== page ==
Jennifer Lopez Inappropriately Brings “JLO” to Motown at The Grammys

Jennifer Lopez and Smokey Robinson at The Grammys
Rob Latour/REX/Shutterstock

Jennifer Lopez’s presence alone just about guarantees a solid, show-stopping performance at any show, but that doesn’t make it an appropriate choice, especially when Motown is involved. She’s received hefty criticism as the choice performer for the Grammys’ Motown tribute, in which she sang “My Girl,” alongside Smokey Robinson, “Papa Was a Rollin’ Stone” with Alicia Keys, “Another Star” with Ne-Yo, “Please Mr. Postman”, and “Money (That’s What I Want).”

Berry Gordy, who founded Motown Records in 1959 sat in the audience and according to Lopez, was “thrilled” with her involvement. During his tenure, Gordy signed some serious titans, including The Supremes, Marvin Gaye, the Temptations, the Four Tops, Gladys Knight & the Pips, the Commodores, the Velvelettes, Martha and the Vandellas, Stevie Wonder and the Jackson 5. The twitter-sphere has rightfully suggested that Gladys Knight or Stevie Wonder would have been a far more suitable choice. Lopez furthered that, “Any type of music can inspire any type of artist. You can’t tell people what to love. You can’t tell people what they can and can’t do, what they should sing or not sing. You gotta do what’s in your heart.” Smokey Robinson also came to her defense, saying, “Anyone who is upset is stupid.”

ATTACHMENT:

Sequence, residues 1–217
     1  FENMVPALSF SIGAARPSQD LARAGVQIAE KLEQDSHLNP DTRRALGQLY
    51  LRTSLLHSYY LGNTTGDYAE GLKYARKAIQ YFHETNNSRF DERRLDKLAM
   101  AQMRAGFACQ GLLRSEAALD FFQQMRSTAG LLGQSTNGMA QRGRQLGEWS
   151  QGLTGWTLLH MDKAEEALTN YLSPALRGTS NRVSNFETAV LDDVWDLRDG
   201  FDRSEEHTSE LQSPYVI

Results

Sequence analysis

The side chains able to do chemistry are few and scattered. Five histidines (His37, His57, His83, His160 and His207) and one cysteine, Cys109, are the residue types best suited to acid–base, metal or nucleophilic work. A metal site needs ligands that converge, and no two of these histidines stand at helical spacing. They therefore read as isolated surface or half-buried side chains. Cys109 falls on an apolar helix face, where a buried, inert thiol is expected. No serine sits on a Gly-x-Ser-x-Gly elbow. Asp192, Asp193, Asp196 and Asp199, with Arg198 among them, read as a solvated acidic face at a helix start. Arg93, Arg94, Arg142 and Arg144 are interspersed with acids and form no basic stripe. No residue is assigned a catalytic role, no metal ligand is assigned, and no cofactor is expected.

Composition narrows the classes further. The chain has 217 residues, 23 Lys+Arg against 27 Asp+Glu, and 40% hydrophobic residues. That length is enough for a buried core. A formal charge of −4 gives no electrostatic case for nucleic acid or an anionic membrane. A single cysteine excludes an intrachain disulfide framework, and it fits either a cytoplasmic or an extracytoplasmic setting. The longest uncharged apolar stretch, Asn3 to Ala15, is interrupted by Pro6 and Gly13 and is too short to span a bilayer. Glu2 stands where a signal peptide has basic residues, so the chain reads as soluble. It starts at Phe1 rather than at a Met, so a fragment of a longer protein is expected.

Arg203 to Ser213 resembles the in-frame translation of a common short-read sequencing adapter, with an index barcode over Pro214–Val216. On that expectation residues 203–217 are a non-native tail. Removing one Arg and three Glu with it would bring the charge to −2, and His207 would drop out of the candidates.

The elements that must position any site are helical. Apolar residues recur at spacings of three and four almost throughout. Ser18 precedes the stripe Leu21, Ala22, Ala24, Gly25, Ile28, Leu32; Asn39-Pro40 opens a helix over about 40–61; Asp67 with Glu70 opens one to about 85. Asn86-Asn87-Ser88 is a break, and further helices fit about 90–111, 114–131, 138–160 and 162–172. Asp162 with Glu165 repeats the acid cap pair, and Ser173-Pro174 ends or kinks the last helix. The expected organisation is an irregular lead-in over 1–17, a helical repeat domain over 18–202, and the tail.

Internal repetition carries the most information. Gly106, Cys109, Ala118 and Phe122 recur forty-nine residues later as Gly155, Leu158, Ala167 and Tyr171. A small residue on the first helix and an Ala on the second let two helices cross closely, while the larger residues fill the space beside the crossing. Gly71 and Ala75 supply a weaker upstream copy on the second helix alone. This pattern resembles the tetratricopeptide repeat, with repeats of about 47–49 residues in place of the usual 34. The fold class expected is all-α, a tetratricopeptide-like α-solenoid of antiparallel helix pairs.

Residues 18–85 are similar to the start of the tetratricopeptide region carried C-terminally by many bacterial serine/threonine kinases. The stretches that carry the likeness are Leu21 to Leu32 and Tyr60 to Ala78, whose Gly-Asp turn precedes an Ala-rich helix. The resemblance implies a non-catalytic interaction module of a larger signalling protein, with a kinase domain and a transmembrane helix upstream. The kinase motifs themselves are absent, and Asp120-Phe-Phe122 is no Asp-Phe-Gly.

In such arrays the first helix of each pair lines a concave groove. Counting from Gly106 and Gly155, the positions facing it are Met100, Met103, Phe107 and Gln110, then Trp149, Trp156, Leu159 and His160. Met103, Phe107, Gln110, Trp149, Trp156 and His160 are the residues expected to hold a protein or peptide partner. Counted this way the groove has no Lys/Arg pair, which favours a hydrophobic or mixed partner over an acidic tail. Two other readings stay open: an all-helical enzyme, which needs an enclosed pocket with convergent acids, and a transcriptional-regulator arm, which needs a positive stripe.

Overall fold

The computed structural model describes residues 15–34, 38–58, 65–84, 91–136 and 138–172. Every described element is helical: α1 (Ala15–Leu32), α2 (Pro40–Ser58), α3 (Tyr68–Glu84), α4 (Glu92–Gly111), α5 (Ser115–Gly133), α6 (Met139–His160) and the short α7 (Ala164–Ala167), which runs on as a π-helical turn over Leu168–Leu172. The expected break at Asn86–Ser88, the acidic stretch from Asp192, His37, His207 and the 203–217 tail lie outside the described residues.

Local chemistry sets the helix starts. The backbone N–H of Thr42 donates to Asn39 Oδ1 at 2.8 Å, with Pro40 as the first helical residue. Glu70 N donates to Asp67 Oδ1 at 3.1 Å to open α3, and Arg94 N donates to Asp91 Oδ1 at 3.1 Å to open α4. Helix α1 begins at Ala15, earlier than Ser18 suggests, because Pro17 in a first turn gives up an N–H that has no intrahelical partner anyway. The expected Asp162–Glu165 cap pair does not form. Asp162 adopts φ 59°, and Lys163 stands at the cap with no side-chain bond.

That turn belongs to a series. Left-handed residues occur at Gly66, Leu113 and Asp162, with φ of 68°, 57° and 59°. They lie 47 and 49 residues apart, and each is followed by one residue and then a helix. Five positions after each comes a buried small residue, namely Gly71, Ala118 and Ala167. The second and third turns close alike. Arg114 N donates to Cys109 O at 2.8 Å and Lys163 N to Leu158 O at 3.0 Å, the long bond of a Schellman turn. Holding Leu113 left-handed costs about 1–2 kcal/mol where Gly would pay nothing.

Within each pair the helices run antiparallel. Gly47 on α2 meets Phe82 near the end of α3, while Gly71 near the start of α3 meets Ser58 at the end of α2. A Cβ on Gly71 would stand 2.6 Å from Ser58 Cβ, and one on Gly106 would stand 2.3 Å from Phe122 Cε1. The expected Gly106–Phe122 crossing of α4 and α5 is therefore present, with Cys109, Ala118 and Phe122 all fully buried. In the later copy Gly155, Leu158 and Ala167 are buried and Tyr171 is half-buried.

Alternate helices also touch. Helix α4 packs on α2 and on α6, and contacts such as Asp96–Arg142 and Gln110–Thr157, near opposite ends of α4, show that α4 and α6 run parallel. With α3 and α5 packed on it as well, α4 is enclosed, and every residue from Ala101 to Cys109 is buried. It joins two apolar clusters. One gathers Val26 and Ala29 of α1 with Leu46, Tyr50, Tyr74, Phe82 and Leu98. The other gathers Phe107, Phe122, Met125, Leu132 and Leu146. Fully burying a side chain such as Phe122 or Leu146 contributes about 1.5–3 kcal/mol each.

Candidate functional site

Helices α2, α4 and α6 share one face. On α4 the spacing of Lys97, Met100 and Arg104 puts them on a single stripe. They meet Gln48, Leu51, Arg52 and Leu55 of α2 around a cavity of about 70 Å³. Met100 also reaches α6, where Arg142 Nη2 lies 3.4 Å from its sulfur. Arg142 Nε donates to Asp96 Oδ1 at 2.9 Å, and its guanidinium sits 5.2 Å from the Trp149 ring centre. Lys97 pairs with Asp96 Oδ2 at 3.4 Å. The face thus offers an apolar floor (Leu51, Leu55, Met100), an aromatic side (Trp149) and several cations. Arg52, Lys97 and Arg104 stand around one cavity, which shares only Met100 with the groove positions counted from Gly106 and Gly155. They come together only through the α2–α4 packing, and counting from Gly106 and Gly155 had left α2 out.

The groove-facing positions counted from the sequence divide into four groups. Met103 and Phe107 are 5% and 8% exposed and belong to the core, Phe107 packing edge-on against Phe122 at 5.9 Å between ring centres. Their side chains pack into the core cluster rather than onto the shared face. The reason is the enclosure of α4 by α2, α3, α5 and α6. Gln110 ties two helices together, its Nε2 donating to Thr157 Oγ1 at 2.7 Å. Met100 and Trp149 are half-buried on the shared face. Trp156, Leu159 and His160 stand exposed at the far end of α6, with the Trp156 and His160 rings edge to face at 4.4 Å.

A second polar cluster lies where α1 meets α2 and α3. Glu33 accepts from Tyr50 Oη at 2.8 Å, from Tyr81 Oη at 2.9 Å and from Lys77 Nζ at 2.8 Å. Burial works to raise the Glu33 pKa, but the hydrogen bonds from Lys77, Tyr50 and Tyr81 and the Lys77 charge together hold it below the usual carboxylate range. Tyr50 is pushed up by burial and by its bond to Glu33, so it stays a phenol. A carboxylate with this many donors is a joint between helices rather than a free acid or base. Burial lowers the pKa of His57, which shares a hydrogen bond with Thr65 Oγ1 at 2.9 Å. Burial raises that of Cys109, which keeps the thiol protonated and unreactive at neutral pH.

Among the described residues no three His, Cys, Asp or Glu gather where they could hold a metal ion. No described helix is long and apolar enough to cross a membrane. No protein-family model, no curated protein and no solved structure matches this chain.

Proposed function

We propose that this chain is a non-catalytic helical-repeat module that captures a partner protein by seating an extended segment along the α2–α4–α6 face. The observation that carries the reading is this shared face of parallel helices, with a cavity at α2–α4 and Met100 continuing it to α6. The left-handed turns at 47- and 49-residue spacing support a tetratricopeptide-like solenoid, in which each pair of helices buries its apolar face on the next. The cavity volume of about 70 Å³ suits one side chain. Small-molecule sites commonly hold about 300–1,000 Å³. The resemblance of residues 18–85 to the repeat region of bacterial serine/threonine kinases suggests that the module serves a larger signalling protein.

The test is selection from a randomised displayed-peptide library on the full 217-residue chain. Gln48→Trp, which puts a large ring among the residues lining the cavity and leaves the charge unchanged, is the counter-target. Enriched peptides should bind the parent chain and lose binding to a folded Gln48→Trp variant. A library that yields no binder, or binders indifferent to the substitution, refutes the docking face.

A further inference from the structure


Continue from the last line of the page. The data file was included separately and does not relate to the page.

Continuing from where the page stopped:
First, I resent being called stupid for making an extremely obvious-yet-important point. To quote one twitter user, “No doubt Latinos would be upset if they had a black soul singer doing a tribute to Latin music.” Additionally, while Motown lives in everyone’s heart, I find it distasteful to forgo using a black artist, especially during Black History Month. Have we learned NOTHING? Remember Emma Stone’s recent “I’m Sorry” exclamation about playing an Asian-American role in ‘Aloha?” Or how about Scarlett Johansson whitewashing ‘Ghost in a Shell?’ To say it’s simply about the art, is to demean the contribution of African American artists who represent the history of Motown. It’s whitewashing, and it’s extremely important to point out — NOT stupid. Finally, if you’re going to do a Motown tribute — at the very least — change up your standard “JLO.” I love a good leotard, and she can certainly rock it, but nothing about her performance suggested Motown. Nothing except the songs itself.

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